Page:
|1:30 p.m. – 2:45 p.m.||
Concurrent clinic sessions
New Money to Support the Digital Age Economy
Federally chartered banks invest $100 billion dollars annually to comply with the Community Reinvestment Act (CRA) requirement. With the issuance of new guidance by the Federal Reserve, those funds can now be used to address the digital divide, in addition to traditional investments in low and moderate income communities for economic opportunity and revitalization. The National Collaborative for Digital Equity (NCDE) will support statewide teams with strategies to secure a portion of those funds from their communities’ banking leaders to address digital equity. As the bridge to the community, school board members can lead conversations and planning efforts with other local partners about how best to utilize these funds before the arrival of proposals from corporations anxious to capitalize on these new funds. Imagine what even 1 percent of these dollars could do to address home access to broadband, hardware, multilingual tech support, open educational resources and more for your students and their families.
Re-segregation: Is it Happening in Your District?
More than sixty years after Brown v. Board of Education, American public schools are still highly segregated by both race and class. In fact, by most measures of integration, our public schools are worse off, since they are now even more racially segregated than they were in the 1970s, and economic segregation in schools has risen dramatically over the past two decades. This session, will highlight the work that school districts across the country are doing to promote socioeconomic and racial integration by considering socioeconomic factors in student assignment policies.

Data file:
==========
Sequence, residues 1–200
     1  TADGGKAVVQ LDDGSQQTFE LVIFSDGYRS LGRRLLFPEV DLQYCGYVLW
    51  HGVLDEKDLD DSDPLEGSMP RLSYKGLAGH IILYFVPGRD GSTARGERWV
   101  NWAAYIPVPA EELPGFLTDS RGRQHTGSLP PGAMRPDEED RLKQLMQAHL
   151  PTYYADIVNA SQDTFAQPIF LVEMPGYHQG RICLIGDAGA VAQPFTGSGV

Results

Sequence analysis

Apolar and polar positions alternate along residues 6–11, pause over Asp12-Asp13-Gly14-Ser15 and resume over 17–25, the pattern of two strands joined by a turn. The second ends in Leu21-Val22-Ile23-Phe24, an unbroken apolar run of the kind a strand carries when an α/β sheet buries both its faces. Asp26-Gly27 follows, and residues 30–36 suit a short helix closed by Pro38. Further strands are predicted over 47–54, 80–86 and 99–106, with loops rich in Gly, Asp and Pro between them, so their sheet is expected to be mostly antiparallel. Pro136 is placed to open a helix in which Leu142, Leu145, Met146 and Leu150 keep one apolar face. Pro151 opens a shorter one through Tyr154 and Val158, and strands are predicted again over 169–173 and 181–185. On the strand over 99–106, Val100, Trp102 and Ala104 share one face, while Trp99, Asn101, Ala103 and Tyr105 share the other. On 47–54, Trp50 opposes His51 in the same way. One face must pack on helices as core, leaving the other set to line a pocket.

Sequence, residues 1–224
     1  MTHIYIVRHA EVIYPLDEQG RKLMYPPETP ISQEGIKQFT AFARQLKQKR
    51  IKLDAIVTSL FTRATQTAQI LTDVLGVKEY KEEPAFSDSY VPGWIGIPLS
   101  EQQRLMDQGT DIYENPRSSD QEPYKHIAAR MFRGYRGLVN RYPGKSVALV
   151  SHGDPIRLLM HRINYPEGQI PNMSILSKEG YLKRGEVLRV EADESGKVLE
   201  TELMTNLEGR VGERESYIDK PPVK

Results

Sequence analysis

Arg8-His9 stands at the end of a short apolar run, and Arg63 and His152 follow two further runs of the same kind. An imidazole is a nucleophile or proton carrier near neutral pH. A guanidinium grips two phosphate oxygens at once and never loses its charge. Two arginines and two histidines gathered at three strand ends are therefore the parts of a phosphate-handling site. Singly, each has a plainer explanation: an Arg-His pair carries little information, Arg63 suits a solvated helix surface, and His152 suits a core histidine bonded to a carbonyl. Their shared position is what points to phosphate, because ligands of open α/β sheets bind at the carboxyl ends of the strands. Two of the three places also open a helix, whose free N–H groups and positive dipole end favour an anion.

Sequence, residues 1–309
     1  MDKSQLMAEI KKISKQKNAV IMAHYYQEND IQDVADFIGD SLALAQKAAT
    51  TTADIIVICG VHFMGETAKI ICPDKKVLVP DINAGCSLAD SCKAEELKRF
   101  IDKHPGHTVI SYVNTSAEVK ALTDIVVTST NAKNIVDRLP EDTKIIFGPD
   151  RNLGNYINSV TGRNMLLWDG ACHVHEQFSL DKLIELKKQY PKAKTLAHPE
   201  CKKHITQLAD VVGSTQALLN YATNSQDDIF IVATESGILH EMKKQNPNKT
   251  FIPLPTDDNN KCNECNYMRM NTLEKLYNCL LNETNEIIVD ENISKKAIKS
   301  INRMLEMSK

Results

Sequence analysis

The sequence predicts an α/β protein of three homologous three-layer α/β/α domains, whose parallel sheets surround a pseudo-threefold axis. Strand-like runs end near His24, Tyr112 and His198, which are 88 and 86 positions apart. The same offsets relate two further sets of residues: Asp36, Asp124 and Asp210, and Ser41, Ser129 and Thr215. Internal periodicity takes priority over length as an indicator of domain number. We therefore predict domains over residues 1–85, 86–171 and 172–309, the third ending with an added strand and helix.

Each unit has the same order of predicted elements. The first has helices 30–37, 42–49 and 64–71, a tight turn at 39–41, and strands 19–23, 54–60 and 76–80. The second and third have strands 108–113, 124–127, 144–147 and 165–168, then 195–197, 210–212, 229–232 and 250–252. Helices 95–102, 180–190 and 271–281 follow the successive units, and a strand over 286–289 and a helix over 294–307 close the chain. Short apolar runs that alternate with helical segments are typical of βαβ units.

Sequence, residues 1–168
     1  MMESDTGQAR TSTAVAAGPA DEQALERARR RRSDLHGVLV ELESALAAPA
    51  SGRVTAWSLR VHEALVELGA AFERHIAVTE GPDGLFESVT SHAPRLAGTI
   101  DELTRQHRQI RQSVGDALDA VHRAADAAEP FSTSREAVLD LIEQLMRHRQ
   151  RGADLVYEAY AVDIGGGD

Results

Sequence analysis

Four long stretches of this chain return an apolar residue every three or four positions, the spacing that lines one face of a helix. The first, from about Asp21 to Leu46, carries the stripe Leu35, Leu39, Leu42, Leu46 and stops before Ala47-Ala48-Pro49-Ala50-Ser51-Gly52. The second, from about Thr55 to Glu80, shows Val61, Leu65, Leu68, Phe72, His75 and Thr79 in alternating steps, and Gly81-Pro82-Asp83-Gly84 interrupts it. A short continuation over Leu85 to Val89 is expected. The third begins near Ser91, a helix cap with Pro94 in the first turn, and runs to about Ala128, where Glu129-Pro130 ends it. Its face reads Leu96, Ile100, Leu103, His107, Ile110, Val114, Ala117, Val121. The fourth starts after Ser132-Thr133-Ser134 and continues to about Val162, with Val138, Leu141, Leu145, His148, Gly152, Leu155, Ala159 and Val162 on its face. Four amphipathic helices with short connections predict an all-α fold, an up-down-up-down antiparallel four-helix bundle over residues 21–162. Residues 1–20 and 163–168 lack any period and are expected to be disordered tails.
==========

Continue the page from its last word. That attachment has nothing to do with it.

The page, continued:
How to Create an Equity-Focused District: Everyone Has A Role
Focusing on purpose, engagement, pedagogy, assessments, climate, and cultures are the ingredients for an equity-focused learning environment for all students. Learn from an award-winning district, Tacoma Public Schools, how they engaged all levels of education stakeholders to positively impact learning outcomes for their very diverse school district. This presentation will prepare you to create your plan of action for success by focusing on their five principles of equity: Awareness; Attitude; Analysis; Action; and Accountability.
|2:45 p.m. - 3 p.m.||
|3 p.m. - 4 p.m.||
What Does Equity Look Like?
Don’t miss this interactive closing session which brings together and integrates the day’s discussion about equity, tying up loose ends and answering the imperative questions: What does equitable decision-making look like for boards of education? What is the test? How do you know when the board is operating in “Equity-Mode” ©.
Participants will receive an "Equity-Mode Questionnaire and User-Guide" © within two weeks of attending the session.
Facilitated by: Dr. Verjeana M. Jacobs, Esq. VMJacobs Esq. & Associates, PC, Legal, Consulting and Mediation Services, and former School Board Member, Prince George’s County Public Schools
Final Comments and Adjournment
Thomas J. Gentzel
Miranda A. Beard
NSBA represents state school boards associations and their more than 90,000 local school board members. We believe education is a civil right, and public education is America’s most vital institution.